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The price of being Joly

28 September 2017

After a nomadic career making chat shows, travel programmes and one of the most anarchic comedy shows on television, Dom Joly has rediscovered the joy of a hidden camera.

Expecting a comedian to be funny during an interview is like hoping an accountant will do your taxes over dinner.

Humour is hard work, and most comedians save their jokes for people who buy tickets. Thankfully, Dom Joly isn’t your typical comedian, as anybody who watched Trigger Happy TV – Joly’s world-conquering hidden-camera show – will attest. Having started a conversation about fame, he’s now telling me a story about an awkward plane journey, which ends – as they often seem to – with Joly becoming the punchline of his own joke.

“I was boarding a flight once, and a guy comes up and asks if I’m Dom Joly,” he explains. “I was like [with accent], ‘No Dom Joly, Portuguese,’ and then I get on the flight and he’s sat next to me. I had to pretend to be Portuguese for 14 hours, even watching Portuguese movies. Halfway through, I just thought, ‘What am I doing? I should just come clean.’”

From anybody else, I’d affix 17 incredulous question marks to the end of this story, but Joly is sincere in his buffoonery. He’s made a career out of it. In the original Trigger Happy TV, which aired from 2000 to 2003, he crawled across a busy road in a snail suit while drivers watched on bemused; he answered a huge mobile phone in a restaurant, bellowing about how rubbish the food was; and slipped briefcases to strangers on park benches while dressed like a stereotypical Russian spy. It sold all over the world, shifting millions of DVDs, and turning Joly into the “funniest man in Britain”, according to the LA Times.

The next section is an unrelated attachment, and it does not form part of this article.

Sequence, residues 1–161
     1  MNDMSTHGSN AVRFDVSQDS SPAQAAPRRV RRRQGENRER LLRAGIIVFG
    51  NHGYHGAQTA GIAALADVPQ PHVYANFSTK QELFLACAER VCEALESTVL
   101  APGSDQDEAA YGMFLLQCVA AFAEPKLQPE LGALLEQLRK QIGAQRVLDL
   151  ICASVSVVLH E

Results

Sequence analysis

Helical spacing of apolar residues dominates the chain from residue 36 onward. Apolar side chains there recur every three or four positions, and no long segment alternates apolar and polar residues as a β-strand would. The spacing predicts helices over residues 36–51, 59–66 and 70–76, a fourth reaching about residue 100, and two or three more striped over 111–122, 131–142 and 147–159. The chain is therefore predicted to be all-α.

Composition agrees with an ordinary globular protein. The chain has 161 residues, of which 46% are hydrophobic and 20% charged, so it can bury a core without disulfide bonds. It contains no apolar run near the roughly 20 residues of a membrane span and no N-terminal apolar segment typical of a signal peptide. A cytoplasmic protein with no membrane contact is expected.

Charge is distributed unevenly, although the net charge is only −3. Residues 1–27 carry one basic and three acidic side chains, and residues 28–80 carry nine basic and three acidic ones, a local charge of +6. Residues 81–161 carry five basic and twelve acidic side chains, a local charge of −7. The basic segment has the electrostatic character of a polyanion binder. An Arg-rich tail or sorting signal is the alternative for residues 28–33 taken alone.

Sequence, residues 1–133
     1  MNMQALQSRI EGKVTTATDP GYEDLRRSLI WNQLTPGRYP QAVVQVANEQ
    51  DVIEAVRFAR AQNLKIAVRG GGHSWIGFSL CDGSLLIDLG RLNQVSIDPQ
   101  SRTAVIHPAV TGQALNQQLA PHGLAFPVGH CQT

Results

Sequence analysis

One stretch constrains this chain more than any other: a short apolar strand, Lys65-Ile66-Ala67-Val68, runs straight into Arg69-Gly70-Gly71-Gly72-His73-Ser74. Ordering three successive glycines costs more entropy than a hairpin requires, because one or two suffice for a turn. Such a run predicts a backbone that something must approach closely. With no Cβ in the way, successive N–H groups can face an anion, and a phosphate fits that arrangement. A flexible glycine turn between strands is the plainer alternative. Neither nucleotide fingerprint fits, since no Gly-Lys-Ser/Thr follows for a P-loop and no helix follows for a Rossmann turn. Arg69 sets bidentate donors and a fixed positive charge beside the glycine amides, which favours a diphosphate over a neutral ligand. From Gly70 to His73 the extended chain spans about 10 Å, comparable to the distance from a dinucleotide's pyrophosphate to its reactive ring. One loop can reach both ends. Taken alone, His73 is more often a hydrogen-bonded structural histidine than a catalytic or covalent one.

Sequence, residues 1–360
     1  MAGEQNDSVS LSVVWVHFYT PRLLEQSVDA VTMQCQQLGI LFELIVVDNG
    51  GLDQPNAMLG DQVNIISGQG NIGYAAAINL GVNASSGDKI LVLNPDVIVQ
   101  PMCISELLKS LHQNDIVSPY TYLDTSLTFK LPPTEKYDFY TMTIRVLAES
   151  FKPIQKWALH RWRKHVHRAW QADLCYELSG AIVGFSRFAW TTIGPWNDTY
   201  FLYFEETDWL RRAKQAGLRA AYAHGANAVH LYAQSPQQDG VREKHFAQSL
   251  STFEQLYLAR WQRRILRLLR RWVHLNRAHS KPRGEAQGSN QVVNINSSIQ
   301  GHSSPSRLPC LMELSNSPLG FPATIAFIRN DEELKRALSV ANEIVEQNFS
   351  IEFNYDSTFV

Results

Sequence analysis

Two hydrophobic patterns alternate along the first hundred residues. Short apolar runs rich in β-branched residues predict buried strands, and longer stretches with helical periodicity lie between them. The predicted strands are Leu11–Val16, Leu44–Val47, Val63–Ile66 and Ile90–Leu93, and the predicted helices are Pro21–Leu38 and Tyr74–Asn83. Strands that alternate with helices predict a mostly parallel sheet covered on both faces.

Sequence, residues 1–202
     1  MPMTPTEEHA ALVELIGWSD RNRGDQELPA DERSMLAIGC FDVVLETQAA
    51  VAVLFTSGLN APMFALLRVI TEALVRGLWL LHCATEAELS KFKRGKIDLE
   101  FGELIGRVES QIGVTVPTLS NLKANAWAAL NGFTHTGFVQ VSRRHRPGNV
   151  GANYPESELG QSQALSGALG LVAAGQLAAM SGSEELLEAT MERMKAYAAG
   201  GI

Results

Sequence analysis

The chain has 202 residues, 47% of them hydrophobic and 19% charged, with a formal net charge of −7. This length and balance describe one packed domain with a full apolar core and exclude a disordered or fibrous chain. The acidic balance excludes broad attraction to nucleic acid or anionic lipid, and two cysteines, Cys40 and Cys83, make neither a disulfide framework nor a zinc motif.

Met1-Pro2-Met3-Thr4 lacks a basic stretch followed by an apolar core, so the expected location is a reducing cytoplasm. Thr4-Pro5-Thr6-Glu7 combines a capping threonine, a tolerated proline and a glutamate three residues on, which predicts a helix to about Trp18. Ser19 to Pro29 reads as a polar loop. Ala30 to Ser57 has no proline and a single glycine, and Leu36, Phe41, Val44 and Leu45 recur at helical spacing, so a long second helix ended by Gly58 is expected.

The acclaim almost broke him.

“Everyone always assumes I stopped Trigger because I was recognised, and it wasn’t that at all,” he says. “I was totally exhausted; I was close to a nervous breakdown. It was two years, I’d just had kids, it was so tiring to make that show. The fame was very weird. I’d just had enough. In hindsight, what I should have done was go away for two months, and seen what I felt like.”

Instead he went away for 15 years, making chat shows and travel programmes on his way to a very showbiz revelation. “My problem was that classic comedian thing: if somebody had told me 10 years prior that I’d make Trigger Happy, I’d be, ‘OK, that’s great,’ but once it happens you think, ‘But I want people to know that I’m serious, I’m an artist, I don’t just want to be known as the squirrel man.’ Eventually I realised, ‘You’re lucky to be genuinely good at one thing, go and do it again.’ I came back and everything had changed. I love being the squirrel man.”

Which is not to say the new Trigger’s a series of dusty old sketches stitched together and jolted into life with a few familiar catchphrases. Only one of the classic characters returns – something Joly was strict on – and even that’s in a new guise. Episodes are shorter and were released all at once online, appeasing the binge-watching generation. In fact, technology sizzles and sparks right through this revival.